Jeremy Glaser: For Morningstar, I'm Jeremy Glaser. Many retirees use the Bucket System to organize their portfolios. I'm here today with Christine Benz, she is our director of personal finance, for some year-end portfolio maintenance tips to think about if you do use the Bucket System.
Christine, thanks for joining me.
Christine Benz: Jeremy, it's great to be here.
Glaser: I know we've talked about this many times, but can you just give a quick recap of what the Bucket Strategy is, what the Bucket Approach is and how a retiree would use it?
Benz: Absolutely. So, I always have to credit Harold Evensky, the financial planner in Coral Gables, Florida, for really influencing the Bucket Approach as I talk about it. He in his practice simply bolts on a cash bucket, Bucket 1, to his clients' long-term portfolios. So, the idea is that they have got enough cash set aside to cover them for the next couple of years, one or two years, and then they have a long-term portfolio that's appropriately allocated. The beauty of that cash bucket is simply that it lets them have peace of mind with the fluctuations that inevitably accompany the long-term portfolio.
In the Bucket Strategy that I talk about, I think about maybe a three-bucket system where you have very short-term spending needs, followed by intermediate spending needs which I have roughly sketched out as covering you for years three through 10 of your retirement and then your long-term spending money would go into equities. The middle piece would go into bonds. That's kind of the basic framework when we talk about the Bucket Approach that I'm thinking about.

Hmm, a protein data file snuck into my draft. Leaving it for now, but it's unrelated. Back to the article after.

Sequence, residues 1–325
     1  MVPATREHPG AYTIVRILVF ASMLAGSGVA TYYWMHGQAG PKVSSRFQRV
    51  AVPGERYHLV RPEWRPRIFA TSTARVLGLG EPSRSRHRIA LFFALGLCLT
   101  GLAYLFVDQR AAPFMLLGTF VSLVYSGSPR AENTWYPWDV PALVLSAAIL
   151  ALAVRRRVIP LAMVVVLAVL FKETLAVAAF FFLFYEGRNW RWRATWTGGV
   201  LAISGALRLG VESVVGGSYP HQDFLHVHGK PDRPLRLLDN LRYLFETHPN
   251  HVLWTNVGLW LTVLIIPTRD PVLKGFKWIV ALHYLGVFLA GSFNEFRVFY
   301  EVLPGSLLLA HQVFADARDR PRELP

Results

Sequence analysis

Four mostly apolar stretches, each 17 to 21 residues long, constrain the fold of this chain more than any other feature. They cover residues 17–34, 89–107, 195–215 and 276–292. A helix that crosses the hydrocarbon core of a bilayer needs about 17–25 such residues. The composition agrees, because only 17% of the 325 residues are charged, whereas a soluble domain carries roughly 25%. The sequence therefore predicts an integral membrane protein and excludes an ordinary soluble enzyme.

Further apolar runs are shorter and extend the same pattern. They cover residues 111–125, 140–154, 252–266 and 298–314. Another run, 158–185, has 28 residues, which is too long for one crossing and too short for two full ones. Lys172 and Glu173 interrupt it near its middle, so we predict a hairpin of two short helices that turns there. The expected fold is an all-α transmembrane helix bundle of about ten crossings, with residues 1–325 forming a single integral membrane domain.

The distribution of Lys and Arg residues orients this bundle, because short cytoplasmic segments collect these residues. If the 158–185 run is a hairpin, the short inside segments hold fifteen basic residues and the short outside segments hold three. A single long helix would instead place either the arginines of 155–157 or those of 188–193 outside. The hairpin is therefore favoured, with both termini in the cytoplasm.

Glaser: Retirees who are spending out of that first bucket, that means that it should be diminishing in size during the year. What's the right way to top that off to make sure you have enough money for 2019?
Benz: It's a great thing to think about, and it's important to think about that before you embark on a Bucket Approach: What is my strategy for replenishing that Bucket 1 as I spend from it. And to my mind, there are really three key ways you could go about doing that.
One is that you could be quite income-centric in terms of how you construct your portfolio. You could target current income primarily from the equities and bonds in your portfolio, and rely primarily on those income and dividend distributions to refill Bucket 1 on an ongoing basis. Or you could use a strict total return approach, reinvest all dividend and income distributions back into the portfolio, and then maybe once a year take a step back and do some rebalancing and see, well, this part of my portfolio has appreciated, and that's the one I will pull from to refill Bucket 1. Alternatively, you could use a hybrid of those two strategies. You could use income distributions but not go out of your way to build an income-centric portfolio, and then you could use rebalancing proceeds to meet any other cash flow needs that you might have.